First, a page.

Jet-Set Bohemian: The Rise of Boutique Hostels

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Before Airbnb

began, the idea of sharing a room with strangers was something reserved for college and post-grad backpacking trips through Europe. But recently, while chatting with a group of travel journalists, one announced she was spending the night in a hostel. She’d have her own room, of course, but wanted to meet other travelers in the hostel’s social spaces instead of staying solo in a hotel suite. Everyone looked at her as if she were raving about the nearby Motel 8, but her point made perfect sense. As boutique hotels are pulling younger travelers who are leaving the business hotels for a different generation, big-name brands like Marriott and Hyatt are replicating what hostels have done all along, creating new millennial-driven brands like Moxy and Hyatt Centric that cater to a market looking for reasonable rates—and a design-centric space to go along with it, too.

It’s no surprise that hostels are stepping up their game doing what they do best while bringing in high-end chefs and renowned decorators to craft a new wave of designer hostels that look like boutique hotels, attracting a crowd of more than just backpackers.

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Photo by Nikolas Koenig, courtesy of hotel

Since rebranding

in 2012, Generator has upped its number of hostels in Europe from two to 10 with the latest crop opening next year in Stockholm, Rome and Amsterdam. When Generator Paris opened near the Canal St-Martin in the up-and-coming tenth arrondissement at the start of the year, Condé Nast Traveler deemed it Paris’s Coolest New Hotel. The largest Generator property to open so far, the 920-bed hostel feels like you’re walking into a trendy nightclub, with a bouncer manning the door and the reception desk lit by up like a retro movie theater entrance. The sleepy eight-story insurance company office building was redone by French architect JJ Ory, adding a glass atrium dining area; a rooftop bar looking out at the Sacré-Cœur, a café outfitted with original Paris subway tiles; and a Moroccan-inspired lounge. Of course you can stay in traditional hostel-style digs with rooms sleeping up to 10, but the property also has private rooms complete with a terrace and hammock, offering free linens and towels so no need to worry about bringing your own (or paying a deposit).

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Photo courtesy of Design Hotels

Mexican brand

Grupo Habita is known for its collection of beautiful boutique hotels, choosing to build a community around each property, whether it’s starting one or blending into the one that’s already there. Downtown Mexico City, the group revamped a 17th century residence that was the palace of the countess of Miravelle. The concept here is all about bringing the local inside, and this starts the moment you enter the courtyard through the grand studded wooden doors. Lined with boutiques and restaurants like local favorite Azul Histórico, this isn’t your typical hotel lobby. In the back of the square, the group corners both markets with the 17-room boutique Downtown hotel on one side and the hostel portion, Downtown Beds, on the other. While the palace side of the property is home to the hotel, the one-time servants’ quarters was converted into a hostel with original red-clay bricks lining the vaulted ceilings and neon yellow bunk beds in geometric shapes that look more like an art installation than something you may have slept on as a child. Even better, guests can head next door and take advantage of the hotel’s amenities like the rooftop pool and bar overlooking the historic skyline, which becomes a hotspot for the stylish Mexico City set come nightfall.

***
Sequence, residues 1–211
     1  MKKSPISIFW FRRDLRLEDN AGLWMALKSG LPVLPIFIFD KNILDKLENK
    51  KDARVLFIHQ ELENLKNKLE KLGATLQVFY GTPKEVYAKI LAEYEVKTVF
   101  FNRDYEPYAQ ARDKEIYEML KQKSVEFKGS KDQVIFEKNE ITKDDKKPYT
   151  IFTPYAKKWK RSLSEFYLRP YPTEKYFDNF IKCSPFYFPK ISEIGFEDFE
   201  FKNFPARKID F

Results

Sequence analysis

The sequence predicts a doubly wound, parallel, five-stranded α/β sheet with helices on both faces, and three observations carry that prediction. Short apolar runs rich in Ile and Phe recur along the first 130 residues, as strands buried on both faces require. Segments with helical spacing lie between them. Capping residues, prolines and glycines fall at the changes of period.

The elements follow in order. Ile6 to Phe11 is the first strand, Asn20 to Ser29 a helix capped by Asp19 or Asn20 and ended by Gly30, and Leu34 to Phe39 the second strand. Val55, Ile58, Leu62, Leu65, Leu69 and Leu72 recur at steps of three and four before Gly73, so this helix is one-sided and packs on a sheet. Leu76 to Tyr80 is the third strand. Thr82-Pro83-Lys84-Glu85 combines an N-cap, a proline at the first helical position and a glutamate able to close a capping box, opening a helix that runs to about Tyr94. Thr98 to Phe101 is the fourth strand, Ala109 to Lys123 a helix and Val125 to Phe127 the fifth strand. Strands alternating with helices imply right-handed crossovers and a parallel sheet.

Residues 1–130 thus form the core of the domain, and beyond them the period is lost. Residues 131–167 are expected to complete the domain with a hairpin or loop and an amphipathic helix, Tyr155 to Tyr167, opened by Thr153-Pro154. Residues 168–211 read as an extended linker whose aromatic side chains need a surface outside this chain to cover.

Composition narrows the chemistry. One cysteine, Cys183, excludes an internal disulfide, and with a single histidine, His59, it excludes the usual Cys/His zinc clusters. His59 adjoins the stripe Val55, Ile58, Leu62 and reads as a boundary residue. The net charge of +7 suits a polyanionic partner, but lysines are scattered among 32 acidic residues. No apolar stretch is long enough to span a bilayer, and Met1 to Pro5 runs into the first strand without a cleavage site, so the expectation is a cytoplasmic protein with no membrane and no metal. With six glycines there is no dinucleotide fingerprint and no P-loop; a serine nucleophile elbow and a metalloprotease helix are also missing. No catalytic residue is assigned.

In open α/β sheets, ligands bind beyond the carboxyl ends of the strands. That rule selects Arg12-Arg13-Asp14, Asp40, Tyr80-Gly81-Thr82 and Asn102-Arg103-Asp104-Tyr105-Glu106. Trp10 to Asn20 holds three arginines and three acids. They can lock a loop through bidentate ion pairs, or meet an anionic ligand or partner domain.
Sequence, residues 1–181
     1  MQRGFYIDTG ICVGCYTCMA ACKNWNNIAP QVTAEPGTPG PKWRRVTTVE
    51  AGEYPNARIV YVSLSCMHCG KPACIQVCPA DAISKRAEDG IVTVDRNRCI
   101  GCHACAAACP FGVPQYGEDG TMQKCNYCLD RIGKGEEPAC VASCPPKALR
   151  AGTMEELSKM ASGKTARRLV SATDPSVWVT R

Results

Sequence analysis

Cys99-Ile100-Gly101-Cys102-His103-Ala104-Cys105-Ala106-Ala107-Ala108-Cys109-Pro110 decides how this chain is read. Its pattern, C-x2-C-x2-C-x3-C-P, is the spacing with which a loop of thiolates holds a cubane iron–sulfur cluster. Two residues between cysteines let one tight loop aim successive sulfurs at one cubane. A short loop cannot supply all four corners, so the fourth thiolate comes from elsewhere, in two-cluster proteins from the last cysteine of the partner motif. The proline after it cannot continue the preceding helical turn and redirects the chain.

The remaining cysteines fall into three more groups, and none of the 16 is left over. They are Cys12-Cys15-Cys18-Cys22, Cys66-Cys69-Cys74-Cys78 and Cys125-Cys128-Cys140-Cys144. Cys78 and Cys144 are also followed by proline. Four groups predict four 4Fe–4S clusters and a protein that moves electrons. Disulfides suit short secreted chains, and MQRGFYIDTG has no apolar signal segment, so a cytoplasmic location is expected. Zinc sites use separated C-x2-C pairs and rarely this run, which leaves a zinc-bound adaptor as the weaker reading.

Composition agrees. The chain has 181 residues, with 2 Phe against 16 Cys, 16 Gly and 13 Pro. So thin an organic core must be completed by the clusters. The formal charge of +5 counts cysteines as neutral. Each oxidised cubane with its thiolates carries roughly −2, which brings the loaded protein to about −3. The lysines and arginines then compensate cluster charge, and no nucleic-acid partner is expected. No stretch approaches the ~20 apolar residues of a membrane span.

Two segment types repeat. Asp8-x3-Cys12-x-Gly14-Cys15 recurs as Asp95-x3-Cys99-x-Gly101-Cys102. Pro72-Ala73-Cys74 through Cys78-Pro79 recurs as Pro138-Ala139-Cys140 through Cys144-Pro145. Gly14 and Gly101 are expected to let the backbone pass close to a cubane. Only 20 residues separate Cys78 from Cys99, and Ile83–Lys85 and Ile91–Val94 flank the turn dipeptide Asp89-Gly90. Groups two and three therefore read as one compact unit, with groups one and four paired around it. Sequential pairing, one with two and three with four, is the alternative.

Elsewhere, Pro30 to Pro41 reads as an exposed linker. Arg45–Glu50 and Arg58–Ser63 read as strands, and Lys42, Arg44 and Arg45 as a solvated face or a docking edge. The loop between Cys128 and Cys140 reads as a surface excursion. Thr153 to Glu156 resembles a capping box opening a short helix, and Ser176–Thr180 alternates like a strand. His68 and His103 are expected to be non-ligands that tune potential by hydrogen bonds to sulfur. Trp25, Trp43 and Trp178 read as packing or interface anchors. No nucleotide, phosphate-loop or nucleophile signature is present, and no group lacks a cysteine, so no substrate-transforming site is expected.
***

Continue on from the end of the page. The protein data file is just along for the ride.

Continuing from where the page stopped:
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Photo by Adrian Gaut/Freehand

Three years ago

, Freehand (pictured at top) took over the old 1930s Indian Creek Hotel, bringing in Roman & Williams to design the space in summer camp-style. Not only was it South Beach’s first designer hostel, suites look just as snazzy as some of the luxury high rises you’ll find just minutes away on the beach. When Freehand opened and brought back Miami’s favorite pop-up bar, Broken Shaker, the courtyard and pool were an instant hit, but just last year the hostel threw in a long-anticipated culinary concept, 27. Located in the original 1930s house on the property, with Bar Lab crafting cocktails, former Chef James Seyba curated a menu at 27 that mixes international dishes with local ingredients, like Elad’s shakshuka, using Homestead eggs and Zak The Baker bread. While 27 is unique to the Miami hostel, the Freehand recently opened its second location in Chicago in a 1927 building in the River North neighborhood, setting up the award-winning Broken Shaker bar, but adding a Chicago-style spin to its mixology program.

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Photo by Lane Nieset

A little over a year ago

, The Hat opened up in a 19th century mansion off of the Plaza Mayor in Madrid with the motto “Wherever I lay my hat, that’s my home.” With 42 rooms spread across four floors connected by a wrought-iron staircase, the design-savvy spaces offers up luxe amenities like queen-size beds and private terraces looking out at Madrid’s rooftops. While the rain showerheads and smart TVs are some of the things I love about this haute hostel, the rooftop solarium is what ties everything together. One of the best-kept secrets by locals, anyone can make a trip up to the bar and catch one of the best views of the sunset over the city, as well as super cheap glasses of Rioja.

Lane Nieset is Paste’s Jet-Set Bohemian columnist and a freelance writer covering all things travel from her home base in Nice, France.

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